UX design, or user-experience design, is the process of designing products or systems—usually digital ones—with the customer’s needs in mind. That might sound a bit vague and all-encompassing, and if it does, well, that’s kind of the point. UX considers the whole user journey.
When UX pioneer Don Norman invented the term in the 1990s, he did so with the intention of finding words to encompass the process of design: “I wanted to cover all aspects of the person’s experience with the system, including industrial design, graphics, the interface, the physical interaction, and the manual.” But user-experience can be applied to so many aspects of a product’s design and use that it can sometimes be hard to know what constitutes UX, and what makes it good.
As with other fields of design, good UX follows specific guidelines and principles—and always begins with a problem and tries to find the simplest solution to it. Take, for example, the intuitive way these doors communicate the direction of their swing and solve the age old push/pull conundrum.
But with so many different types of user experiences, how do UX designers develop systems that work across different products, platforms, and even language barriers? To begin, it helps to understand the core principles of good user experience design.
What is User Experience Design?
User experience (or UX) design is the process of creating meaningful and engaging experiences for users of a product or service. It fuses function, branding, design, usability, and empathy into a cohesive product with the end-user in mind.
User experience designers are not only concerned with how a product functions, but also how it makes people feel. Is it enjoyable? Does it evoke some emotion? Are the interactions satisfying? All of these factors work together to keep users engaged and using the product without frustrations and pain points. For many user experience designers, an excellent UX design system is defined as one that is “invisible”, a system that blends seamlessly into an intuitive user journey free from pain points or blockers. And those considerations extend from the digital world to the physical, across different operating systems and platforms, from a laptop or a phone to an espresso machine or ticket kiosk at an airport.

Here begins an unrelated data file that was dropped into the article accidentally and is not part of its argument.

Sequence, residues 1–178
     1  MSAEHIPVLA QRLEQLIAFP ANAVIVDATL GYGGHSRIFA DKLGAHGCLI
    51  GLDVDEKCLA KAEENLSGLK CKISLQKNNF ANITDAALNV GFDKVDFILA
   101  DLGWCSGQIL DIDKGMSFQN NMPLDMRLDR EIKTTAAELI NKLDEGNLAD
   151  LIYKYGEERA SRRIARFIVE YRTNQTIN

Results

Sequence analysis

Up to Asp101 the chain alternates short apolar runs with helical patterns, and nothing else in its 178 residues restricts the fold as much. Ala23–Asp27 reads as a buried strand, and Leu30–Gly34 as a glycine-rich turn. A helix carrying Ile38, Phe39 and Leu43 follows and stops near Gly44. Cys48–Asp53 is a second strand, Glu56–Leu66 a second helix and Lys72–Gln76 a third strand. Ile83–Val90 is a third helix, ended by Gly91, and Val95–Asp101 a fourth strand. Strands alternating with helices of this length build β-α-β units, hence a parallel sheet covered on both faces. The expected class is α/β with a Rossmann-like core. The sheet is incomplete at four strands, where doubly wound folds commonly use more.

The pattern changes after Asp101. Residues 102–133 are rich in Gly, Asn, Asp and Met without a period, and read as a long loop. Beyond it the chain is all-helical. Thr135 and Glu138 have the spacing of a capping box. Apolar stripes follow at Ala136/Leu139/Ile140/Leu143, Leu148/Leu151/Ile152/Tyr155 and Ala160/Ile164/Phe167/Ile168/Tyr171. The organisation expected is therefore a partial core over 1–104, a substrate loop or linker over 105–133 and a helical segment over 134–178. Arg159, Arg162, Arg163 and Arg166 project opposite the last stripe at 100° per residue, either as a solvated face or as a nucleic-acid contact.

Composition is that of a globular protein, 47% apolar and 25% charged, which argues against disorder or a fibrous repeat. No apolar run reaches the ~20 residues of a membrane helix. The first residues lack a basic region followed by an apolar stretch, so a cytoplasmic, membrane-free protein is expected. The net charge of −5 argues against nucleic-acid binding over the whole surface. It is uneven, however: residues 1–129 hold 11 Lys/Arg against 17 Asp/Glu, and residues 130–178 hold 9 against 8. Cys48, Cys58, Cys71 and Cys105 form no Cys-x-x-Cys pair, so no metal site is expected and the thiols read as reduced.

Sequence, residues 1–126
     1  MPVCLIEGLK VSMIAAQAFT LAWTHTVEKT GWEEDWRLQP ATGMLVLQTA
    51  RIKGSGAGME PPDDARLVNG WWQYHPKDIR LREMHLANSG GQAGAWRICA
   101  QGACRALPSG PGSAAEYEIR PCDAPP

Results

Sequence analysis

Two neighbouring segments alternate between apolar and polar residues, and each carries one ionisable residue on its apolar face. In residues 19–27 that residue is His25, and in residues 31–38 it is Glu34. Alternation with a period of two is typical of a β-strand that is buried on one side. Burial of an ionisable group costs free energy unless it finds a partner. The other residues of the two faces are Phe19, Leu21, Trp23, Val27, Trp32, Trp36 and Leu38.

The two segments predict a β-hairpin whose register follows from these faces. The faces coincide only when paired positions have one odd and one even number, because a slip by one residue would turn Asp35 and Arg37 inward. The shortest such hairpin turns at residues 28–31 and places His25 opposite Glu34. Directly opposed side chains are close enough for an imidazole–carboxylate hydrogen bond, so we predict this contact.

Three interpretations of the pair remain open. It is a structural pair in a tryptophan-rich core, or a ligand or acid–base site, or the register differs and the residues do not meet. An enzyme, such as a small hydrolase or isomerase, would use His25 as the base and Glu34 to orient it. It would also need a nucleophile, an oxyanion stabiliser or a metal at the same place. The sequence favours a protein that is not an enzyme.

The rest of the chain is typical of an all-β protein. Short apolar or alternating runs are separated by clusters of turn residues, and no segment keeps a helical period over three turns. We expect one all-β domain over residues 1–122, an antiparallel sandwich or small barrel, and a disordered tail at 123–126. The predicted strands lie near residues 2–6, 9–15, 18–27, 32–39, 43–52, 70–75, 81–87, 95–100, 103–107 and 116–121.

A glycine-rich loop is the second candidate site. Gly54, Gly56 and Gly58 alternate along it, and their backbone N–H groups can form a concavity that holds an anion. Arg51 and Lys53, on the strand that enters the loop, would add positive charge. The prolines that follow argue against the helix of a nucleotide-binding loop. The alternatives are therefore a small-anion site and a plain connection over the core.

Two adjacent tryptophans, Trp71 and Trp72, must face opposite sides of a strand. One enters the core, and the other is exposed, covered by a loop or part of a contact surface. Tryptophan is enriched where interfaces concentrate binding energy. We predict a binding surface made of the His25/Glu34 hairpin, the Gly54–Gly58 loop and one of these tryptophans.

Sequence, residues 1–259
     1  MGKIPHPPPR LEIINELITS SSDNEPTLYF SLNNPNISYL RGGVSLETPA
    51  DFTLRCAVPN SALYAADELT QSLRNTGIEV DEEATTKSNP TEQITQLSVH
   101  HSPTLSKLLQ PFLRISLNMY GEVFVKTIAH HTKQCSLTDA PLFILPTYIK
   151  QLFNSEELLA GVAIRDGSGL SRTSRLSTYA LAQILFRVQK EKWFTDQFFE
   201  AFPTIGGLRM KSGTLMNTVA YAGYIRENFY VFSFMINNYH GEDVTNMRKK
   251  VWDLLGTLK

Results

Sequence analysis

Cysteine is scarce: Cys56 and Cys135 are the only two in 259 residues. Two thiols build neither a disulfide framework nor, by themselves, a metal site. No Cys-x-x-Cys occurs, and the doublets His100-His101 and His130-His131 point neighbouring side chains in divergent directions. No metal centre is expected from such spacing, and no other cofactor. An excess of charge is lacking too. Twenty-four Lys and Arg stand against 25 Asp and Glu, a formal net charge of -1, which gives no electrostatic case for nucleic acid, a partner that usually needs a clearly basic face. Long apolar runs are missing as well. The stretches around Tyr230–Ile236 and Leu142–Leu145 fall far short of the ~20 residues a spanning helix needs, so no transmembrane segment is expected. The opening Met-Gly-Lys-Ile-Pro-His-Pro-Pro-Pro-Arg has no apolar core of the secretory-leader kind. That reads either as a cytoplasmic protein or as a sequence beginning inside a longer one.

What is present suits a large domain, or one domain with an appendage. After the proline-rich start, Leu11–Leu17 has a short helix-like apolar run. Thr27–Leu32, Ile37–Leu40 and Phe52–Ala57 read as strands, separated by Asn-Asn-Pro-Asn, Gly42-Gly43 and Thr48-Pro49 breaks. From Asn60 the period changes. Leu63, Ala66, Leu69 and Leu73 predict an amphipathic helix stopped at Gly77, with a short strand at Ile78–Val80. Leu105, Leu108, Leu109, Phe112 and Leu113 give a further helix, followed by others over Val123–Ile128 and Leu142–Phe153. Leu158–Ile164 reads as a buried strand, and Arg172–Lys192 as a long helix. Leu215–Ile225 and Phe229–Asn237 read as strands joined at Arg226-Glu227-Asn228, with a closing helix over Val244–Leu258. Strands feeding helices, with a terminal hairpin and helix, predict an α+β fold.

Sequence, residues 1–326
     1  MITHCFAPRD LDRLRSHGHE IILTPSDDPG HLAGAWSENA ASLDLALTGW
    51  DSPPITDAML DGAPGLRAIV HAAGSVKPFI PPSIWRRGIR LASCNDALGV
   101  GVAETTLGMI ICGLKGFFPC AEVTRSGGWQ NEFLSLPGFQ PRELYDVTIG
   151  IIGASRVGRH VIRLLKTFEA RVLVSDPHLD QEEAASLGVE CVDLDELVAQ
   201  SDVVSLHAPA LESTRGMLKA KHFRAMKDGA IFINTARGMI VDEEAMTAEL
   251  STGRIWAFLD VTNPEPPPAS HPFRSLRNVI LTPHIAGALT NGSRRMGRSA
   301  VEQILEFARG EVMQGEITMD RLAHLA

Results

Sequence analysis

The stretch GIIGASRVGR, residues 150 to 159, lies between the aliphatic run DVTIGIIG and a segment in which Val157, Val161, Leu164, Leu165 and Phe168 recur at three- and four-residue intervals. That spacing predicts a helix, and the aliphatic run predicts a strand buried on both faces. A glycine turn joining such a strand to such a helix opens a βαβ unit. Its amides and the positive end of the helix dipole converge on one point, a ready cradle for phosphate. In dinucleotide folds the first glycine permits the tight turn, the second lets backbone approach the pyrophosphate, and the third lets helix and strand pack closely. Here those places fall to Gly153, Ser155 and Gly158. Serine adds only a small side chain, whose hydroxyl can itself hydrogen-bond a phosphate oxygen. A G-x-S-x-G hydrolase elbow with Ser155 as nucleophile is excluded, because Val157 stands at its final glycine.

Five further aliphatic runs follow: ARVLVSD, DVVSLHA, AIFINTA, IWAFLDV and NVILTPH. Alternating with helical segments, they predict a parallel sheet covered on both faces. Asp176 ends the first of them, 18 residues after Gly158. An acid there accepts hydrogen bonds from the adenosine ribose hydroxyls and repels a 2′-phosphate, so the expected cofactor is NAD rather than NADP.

Why is User Experience Design Important?
Because experience matters, and customers who don’t have a good experience will soon leave for a better one. It’s impossible to retain and acquire new users unless your product is easy to use and accessible. For instance, a fast-loading website that adapts to different screen sizes (such as laptop screens and smartphone screens) with intuitive navigation and interface will retain more users than one that loads slowly and appears clunky on different screen sizes.
Examples of User Experience Design